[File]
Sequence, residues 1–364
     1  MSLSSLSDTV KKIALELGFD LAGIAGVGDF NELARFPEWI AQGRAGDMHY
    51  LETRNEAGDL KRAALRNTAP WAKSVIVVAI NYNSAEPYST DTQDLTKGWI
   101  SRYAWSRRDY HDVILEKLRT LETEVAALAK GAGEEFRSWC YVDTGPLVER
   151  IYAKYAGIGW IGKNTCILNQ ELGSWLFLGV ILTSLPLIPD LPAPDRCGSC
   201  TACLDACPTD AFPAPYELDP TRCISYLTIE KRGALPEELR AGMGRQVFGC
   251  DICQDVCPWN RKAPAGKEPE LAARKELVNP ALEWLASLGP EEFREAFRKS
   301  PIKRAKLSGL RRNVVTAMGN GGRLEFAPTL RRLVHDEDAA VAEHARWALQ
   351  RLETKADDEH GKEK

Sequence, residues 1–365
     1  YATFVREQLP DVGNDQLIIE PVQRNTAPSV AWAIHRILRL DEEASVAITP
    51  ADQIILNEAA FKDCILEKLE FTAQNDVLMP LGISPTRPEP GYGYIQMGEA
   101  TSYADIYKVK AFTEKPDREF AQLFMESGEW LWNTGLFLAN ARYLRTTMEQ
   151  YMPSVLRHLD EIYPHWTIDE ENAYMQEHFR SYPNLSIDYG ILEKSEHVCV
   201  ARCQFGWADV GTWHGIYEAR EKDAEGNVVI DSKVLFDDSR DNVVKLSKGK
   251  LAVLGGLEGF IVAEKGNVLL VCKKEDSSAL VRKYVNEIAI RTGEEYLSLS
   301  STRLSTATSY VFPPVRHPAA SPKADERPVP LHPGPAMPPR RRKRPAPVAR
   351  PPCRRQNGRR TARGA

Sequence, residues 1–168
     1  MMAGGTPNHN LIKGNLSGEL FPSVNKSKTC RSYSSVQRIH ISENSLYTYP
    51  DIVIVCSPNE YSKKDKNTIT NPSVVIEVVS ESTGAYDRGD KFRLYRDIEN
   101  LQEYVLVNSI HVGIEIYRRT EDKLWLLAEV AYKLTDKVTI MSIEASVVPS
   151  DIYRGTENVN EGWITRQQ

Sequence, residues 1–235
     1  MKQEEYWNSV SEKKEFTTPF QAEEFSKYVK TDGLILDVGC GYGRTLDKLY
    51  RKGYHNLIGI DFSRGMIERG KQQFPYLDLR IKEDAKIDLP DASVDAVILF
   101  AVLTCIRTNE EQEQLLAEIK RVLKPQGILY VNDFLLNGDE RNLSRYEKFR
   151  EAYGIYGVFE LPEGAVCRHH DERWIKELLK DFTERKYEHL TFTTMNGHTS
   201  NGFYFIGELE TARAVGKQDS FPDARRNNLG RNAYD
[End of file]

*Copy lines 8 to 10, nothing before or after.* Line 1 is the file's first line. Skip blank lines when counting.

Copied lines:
   301  PIKRAKLSGL RRNVVTAMGN GGRLEFAPTL RRLVHDEDAA VAEHARWALQ
   351  RLETKADDEH GKEK

Sequence, residues 1–365